Cowie refused these conditions, permitting Mat Salleh only to stay in Tambunan or parts of the interior excluding Sugut and Lambuk, his former strongholds. In addition, Cowie made an additional promise that if Mat Sallah kept his peace for twelve consecutive months and cooperated with the Company, Cowie would recommend Mat Sallah to the court of directors for an appointment as chief or headman of a district.:p.195–196
On 20 April 1898, Cowie, governor L.P Beufort and two officers (P. Wise and A. Terms) met with Mat Salleh again and this time, he was allowed “to live in the interior and take charge of the Tambunan district”.:p.196 With this, a ceremony was held to mark Mat Salleh’s official possession of the Menggatal River on 22 April 1898. The next day, on 23 April 1898, the Company sent an official document to Mat Salleh to sign. The document stated that:
- Mat Salleh and his men were to be pardoned except those remaining in prison and those who had previously escaped;
- Mat Salleh could stay in Tambunan or elsewhere within the interior except the Sugut and Labuk rivers;
- That he was to report to the district officer on occasions he visited the coast:p.196–197[note 9]:p.863
Mat Salleh and his allies were at war with the Tiawan communities. The latter approached the Company with urgent appeals for its intervention. This led to the governor, Beaufort, on 15 January 1899, visiting the Tiawan villages and obtaining an oath of allegiance from them. This was also, apparently, a strategic move by the Company[note 10]:p.198. to pursue its plans to establish an administrative centre in Tambunan:p.197–198:p.431–432.
Seeing this as a breach of faith to their earlier agreement, Mat Salleh prepared to resume resistance against the Company. In December 1899, R. M. Little, the resident of Labuan, was instructed to initiate negotiations. Mat Salleh refused negotiations and demanded their withdrawal from Tambunan. They refused. Almost immediately after this, Mat Salleh and his followers resumed waging sporadic attacks:p.198–201.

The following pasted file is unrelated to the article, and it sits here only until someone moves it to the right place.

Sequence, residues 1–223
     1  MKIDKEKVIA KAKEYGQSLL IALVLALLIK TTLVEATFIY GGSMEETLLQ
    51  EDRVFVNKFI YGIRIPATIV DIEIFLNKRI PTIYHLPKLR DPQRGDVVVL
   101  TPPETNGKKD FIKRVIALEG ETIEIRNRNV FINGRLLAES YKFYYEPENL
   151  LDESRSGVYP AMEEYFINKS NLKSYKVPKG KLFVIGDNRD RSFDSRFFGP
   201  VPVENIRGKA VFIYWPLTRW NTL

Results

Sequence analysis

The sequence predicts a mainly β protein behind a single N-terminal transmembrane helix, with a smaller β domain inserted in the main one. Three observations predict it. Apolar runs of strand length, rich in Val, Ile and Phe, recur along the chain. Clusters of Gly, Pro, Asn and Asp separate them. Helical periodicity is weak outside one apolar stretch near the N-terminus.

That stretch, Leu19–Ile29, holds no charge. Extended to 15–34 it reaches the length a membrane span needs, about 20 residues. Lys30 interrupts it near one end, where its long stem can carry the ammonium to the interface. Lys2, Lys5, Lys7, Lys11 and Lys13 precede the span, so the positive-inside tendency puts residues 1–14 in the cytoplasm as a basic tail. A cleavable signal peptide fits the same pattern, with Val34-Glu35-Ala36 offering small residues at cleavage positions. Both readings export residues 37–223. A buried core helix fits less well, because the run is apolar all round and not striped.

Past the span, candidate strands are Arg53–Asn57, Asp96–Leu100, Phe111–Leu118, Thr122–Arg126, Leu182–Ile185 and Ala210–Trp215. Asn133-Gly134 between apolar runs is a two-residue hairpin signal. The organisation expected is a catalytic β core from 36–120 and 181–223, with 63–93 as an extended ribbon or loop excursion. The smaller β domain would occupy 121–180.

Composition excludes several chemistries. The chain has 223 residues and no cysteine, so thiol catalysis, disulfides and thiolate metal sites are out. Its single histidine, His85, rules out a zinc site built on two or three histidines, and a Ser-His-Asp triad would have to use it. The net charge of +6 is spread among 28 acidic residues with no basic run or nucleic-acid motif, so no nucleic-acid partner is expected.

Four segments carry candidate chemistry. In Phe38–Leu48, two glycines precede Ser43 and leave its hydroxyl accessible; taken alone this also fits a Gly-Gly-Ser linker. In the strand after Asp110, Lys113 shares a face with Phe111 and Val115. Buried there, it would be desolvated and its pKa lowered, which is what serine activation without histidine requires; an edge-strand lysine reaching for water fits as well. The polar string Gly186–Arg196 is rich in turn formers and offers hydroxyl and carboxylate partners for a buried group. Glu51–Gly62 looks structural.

The Company sent a force to retaliate. They reached Tambunan 31 December 1899 and fighting commenced the next day. On 10 January 1900, the Village of Laland was lost to the Company. Mat Salleh lost 60 men. On 15 January 1900, the Company proceeded to acquire Taga villages and the fort of one of Mat Salleh’s chief lieutenants; Mat Sator was burned by shell-fire. They then cut the water supply to Mat Salleh’s fort by diverting the Pengkalian river to the Sensuran.
On 27 January 1900, Mat Salleh’s own fort was seized and shelled continuously for the next four days. The seemingly impenetrable fort finally fell due to a massive onslaught by the Company, and with this, Mat Salleh's final defences were finally broken.
On 31 January 1900, Mat Salleh was killed by shell-fire by mid-day[note 11]:p.201–202:p.194:p.30:p.35. A chance shot from a maxim gun had hit Mat Salleh in the left temple, killing him instantly.:p.54.[note 12] Also killed in the battle were about 1000 of Mat Salleh’s followers who fought from the neighbouring villages of Lotud Tondulu, Piasau, Kitutud, Kepayan and Sunsuron:p.194.
Mat Salleh's Memorial
The Mat Salleh memorial was opened in 1999 at the exact site where he was killed at Kampung Tibabar in Tambunan, as a tribute to remember Mat Salleh, who stood up and led a rebellion against the Company's rule:p.194.
The memorial, which resembles a fort, is surrounded by a garden. It houses Mat Salleh's photograph and some of his weapons and paraphernalia from the rebellion he led. On the outside, a bronze plaque reads:
This plaque marks the site of Mat Salleh's Fort which was captured by the North Borneo Armed Constabulary on the 1st February 1900. During this engagement, Mat Salleh, who for six years led a rebellion against the British Charted Company administration, met his death.
After the memorial was opened, The New Straits Times (9 Mar 2000) reported Sabah museum director and Tambunan local, Joseph Pounis Guntavid, suggesting that the British had long bragged of downing Mat Salleh’s rebellion to their rule and was quoted, ‘"but a search and study on Mat Salleh’s actions strongly indicated that he was not a rebel but a warrior who went against foreign rule, fighting for North Borneo ‘self-government’...Mat Salleh initiated patriotism that led the people to fight for self-rule until Sabah gained her independence through Malaysia on Sept 16 1963":p.194.
Mat Salleh, however, is not always seen as a hero. Many writers of this rebellion see Mat Salleh as a lone crusader and / or an opportunist solely interested in restoring his precolonial social position of power. To the British, he was a rebel and troublemaker, but to his supporters, he was and still is a warrior:p.194.